Thomas Baldwin Marsh was born at Acton, Mass., Nov. 1st, 1799. He came on a visit to Palmyra at the time when the Book of Mormon was being printed, and Martin Harris gave him a sheet containing the first sixteen pages of that book. He read these pages and showed them to his wife, and both received a testimony that the book was of God. When he learned that the Church had been organized, he moved to Palmyra and was baptized by David Whitmer. This was in the month of September, 1830, shortly before this Revelation was received. After a career of varied experiences, Marsh moved to Kirtland, where he was called to the Apostleship. In July and August, 1837, he accompanied the Prophet Joseph and Sidney Rigdon on a mission to Canada, and the following year he and David W. Patten were appointed presidents of the Church in Missouri, until the arrival of the Prophet. In August, 1838, a year of apostasy, he became disaffected and turned traitor to his brethren. He made an affidavit to the effect that the "Mormons" had a company called "Danites," organized for the purpose of murdering "enemies" —a statement
he certainly knew to be false. After that he became a vagabond, withoutresting-place, without peace, for many years. No photo of Thomas B. Marsh is available.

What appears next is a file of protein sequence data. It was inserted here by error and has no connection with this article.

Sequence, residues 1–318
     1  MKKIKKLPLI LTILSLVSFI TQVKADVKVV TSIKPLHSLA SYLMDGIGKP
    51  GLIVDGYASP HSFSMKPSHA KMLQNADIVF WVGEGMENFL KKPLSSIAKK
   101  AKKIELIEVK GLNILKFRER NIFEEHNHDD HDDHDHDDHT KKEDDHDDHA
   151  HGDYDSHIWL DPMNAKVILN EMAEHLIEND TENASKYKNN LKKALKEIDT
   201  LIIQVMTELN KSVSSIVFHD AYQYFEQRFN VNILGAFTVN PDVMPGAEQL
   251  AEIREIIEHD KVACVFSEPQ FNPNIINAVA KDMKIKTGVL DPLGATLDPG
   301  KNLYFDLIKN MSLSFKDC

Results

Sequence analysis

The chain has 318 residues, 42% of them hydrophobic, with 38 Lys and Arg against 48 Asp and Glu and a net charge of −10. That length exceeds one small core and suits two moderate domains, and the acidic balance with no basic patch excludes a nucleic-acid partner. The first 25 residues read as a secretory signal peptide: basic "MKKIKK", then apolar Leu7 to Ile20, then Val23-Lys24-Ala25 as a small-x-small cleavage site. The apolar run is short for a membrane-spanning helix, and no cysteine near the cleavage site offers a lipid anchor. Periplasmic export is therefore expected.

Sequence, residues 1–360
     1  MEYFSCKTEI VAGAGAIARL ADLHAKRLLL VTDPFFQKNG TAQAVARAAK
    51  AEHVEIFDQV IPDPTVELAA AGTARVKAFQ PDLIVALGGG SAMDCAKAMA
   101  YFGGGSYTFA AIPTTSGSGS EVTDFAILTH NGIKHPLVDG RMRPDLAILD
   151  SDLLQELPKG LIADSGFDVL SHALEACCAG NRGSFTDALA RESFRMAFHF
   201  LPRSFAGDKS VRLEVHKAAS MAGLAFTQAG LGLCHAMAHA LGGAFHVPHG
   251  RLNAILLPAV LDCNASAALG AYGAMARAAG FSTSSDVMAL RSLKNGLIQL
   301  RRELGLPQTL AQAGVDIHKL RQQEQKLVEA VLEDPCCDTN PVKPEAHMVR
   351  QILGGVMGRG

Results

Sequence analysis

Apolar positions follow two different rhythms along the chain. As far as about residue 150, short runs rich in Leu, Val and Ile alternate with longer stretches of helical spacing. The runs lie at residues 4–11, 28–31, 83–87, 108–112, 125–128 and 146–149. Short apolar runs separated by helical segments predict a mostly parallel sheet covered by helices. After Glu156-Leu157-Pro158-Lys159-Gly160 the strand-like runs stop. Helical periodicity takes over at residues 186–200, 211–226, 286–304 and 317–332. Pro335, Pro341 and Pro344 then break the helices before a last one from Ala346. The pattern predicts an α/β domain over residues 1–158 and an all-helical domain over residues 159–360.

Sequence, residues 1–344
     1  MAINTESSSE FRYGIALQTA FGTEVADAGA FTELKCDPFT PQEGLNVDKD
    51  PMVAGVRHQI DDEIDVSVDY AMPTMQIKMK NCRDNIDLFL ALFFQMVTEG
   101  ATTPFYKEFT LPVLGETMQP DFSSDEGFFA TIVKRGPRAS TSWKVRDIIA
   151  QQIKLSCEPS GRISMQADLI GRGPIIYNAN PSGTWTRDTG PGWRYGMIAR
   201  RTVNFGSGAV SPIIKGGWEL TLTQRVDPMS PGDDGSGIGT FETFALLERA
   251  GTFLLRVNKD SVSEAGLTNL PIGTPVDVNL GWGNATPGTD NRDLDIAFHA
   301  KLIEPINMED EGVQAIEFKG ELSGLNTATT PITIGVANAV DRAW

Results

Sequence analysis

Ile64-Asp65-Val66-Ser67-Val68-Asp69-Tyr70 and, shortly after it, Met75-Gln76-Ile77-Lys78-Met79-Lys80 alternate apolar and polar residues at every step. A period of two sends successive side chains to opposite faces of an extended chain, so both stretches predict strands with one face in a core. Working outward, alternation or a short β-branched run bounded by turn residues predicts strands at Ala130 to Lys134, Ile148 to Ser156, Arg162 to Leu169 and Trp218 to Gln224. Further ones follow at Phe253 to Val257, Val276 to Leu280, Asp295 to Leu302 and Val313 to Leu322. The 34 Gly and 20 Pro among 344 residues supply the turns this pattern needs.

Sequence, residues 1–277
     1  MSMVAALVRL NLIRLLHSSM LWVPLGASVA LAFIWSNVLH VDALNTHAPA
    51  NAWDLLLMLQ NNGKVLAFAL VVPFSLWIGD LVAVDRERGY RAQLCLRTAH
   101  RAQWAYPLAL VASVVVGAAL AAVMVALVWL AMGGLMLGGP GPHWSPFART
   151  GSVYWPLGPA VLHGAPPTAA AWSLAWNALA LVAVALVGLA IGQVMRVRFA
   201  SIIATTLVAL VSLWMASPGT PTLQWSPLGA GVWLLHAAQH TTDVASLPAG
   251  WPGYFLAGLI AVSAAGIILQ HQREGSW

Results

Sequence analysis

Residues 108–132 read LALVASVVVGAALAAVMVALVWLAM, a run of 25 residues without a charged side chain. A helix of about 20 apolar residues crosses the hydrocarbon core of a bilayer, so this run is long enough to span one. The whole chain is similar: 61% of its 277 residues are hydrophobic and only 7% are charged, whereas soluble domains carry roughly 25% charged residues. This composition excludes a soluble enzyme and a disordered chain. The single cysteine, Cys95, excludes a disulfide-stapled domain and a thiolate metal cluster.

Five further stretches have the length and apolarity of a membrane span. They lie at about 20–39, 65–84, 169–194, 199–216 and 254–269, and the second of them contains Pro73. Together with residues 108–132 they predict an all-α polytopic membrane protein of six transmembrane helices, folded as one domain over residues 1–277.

[SMITH AND SJODAHL, DOCTRINE AND COVENANTS COMMENTARY, Sec. 31, p.164–p.165]
Doctrine and Covenants Commentary Sec. 122
5. False brethren] There were many, but perhaps none exhibited more diabolical cunning than Samson Avard. This individual proposed to form a secret organization for the purposes Of plunder and robbery, and succeeded in gathering a band of outlaws around him under the name of Danites. As soon as his plans and designs became known to the Church leaders, he was expelled from the Church, and then, to save himself, he swore that his band was a Church organization. His advice to Oliver Olney was "to swear hard against the heads of the Church." "I intend to do it," said he, "in order to escape, for if 1 do not, they will take my life" (Hist. of the Church, Vol. III., p. 209). [Smith and Sjodahl, Doctrine and Covenants Commentary, Sec. 122, p.761]